"It's not the most efficient process," he added with a laugh. "It would be way easier to have a chief songwriter, who just wrote the songs and said, 'You play this, and you play this'... And it takes us a long time to get on the same page with what we're writing but, especially for me, as a drummer, the fact that I've been able to contribute musically has been really rewarding and awesome."
In our research before the show, Aftermath learned that vocalist and lyricist Dustin Kensrue is quite the heavy-heavy-duty reader and thinker. In fact, he's quoted saying, "I try to be an artist who aspires to find hope even in dark places: If I'm down, I don't want to bring people down to that place with me. I'm looking for a way out."
That sentiment, regardless of a few differences in musical taste, is shared by the rest of the band as well.
"Like Justin said in that quote, searching for hope and letting people know that that can come from a lot of different places (is Thrice's message)," Breckenridge said. "Whether it's your faith, your family, your friends or your community, there are a lot of reasons to have hope, and we're definitely going to need it, because things are getting difficult."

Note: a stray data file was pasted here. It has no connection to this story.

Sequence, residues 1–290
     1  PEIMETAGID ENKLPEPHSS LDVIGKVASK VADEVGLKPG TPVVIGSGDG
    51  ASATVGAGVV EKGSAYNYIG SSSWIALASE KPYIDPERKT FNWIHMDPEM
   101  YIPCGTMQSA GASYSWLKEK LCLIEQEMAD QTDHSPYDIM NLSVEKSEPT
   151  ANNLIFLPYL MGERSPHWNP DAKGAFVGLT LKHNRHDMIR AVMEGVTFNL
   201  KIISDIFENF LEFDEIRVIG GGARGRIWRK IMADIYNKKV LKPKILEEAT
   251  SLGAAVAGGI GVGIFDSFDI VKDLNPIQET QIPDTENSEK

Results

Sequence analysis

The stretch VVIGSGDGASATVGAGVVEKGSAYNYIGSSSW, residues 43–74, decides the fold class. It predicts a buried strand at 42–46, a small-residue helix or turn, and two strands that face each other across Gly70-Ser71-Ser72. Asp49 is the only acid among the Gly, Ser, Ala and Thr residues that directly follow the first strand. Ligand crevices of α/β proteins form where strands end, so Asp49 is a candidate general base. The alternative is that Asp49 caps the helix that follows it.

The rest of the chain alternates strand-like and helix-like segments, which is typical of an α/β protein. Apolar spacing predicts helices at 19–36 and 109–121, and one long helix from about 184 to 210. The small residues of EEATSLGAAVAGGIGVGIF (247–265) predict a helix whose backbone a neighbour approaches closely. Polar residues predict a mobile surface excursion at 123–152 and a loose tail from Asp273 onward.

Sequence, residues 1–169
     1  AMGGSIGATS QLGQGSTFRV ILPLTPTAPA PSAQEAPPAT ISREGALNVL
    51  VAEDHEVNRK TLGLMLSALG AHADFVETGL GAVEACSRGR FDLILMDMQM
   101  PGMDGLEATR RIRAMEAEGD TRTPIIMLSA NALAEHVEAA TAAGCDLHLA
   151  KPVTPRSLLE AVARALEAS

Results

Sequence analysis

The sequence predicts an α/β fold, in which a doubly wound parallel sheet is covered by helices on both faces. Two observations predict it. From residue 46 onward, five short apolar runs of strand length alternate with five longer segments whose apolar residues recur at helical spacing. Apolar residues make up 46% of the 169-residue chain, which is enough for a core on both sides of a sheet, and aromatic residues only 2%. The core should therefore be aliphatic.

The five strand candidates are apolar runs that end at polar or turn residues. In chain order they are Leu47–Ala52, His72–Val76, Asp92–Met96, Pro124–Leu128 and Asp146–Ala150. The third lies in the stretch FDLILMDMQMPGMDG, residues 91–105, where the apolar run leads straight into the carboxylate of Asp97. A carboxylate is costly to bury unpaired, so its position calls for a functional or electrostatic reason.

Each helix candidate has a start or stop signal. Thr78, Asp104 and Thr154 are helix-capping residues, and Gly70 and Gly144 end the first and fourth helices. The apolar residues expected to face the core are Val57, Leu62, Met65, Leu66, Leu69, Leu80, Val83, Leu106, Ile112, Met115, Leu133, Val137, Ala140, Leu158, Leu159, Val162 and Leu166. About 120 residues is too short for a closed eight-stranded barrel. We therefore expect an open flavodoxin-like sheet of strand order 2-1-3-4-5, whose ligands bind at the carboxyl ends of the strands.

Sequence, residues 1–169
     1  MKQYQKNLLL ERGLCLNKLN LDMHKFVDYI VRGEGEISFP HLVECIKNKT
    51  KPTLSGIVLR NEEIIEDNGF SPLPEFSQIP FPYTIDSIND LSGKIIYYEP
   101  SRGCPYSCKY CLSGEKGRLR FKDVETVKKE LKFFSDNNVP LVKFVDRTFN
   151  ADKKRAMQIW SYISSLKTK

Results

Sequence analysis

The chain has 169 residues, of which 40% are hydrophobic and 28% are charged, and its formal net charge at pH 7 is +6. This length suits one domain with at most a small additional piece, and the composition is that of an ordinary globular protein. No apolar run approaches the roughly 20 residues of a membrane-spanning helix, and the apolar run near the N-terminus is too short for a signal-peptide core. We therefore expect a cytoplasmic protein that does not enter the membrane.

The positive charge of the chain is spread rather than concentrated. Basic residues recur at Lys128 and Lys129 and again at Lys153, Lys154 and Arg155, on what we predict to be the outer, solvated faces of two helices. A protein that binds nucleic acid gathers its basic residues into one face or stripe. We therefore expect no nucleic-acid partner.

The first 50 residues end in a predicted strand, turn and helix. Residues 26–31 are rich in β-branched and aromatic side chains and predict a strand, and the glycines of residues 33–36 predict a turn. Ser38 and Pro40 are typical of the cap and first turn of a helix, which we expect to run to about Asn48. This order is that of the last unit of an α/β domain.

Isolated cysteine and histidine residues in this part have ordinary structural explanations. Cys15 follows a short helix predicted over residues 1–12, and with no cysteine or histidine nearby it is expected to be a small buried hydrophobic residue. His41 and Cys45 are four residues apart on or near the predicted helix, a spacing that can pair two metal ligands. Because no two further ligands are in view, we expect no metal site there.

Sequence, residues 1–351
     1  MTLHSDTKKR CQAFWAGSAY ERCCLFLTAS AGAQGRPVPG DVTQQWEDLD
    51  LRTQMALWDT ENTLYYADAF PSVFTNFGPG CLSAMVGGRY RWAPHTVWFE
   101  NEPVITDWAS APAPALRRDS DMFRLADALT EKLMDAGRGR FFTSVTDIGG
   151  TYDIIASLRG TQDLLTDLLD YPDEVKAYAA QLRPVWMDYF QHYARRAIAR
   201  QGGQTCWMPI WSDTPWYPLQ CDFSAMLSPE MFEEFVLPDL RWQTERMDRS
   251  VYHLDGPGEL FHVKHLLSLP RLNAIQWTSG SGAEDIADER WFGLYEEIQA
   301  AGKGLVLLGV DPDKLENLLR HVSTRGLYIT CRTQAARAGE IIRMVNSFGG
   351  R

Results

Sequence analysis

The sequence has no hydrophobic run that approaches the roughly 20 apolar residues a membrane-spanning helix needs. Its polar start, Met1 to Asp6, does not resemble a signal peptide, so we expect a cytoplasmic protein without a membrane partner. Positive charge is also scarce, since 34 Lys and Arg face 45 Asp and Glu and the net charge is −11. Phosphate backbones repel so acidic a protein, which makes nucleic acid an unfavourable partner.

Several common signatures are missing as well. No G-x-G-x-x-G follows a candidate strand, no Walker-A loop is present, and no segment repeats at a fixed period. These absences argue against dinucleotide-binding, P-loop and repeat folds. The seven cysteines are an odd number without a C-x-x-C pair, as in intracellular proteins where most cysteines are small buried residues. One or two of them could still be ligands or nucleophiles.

And Thrice aren't simply telling people to have hope; they're attempting to help people find it in any and all avenues.
"It's hope, and it's a search for truth, a search for answers and kind of a quest for learning as well," Breckenridge continued. "Just trying to be open-minded, I think. The way that the band has changed and evolved over the years has definitely rubbed some people the wrong way, but we are trying to help people be open to new sounds and new styles of music instead of just kind of closing themselves off and keeping themselves as fans of just one genre of music."
Breckenridge went on to tell us that he finds most of his inspiration through other artists, naming Radiohead specifically, because of the way they have been able to reinvent themselves multiple times over again through the years.
"For other influences, it's just scattered," he said. "I got to a point, probably about 10 years ago, when I figured out that the music you listen to shouldn't really be a part of your identity. I think, for a lot of young people, they think, 'Well, if I listen to punk rock, I need to dress a certain way, and I need to hang out with a certain group of people.'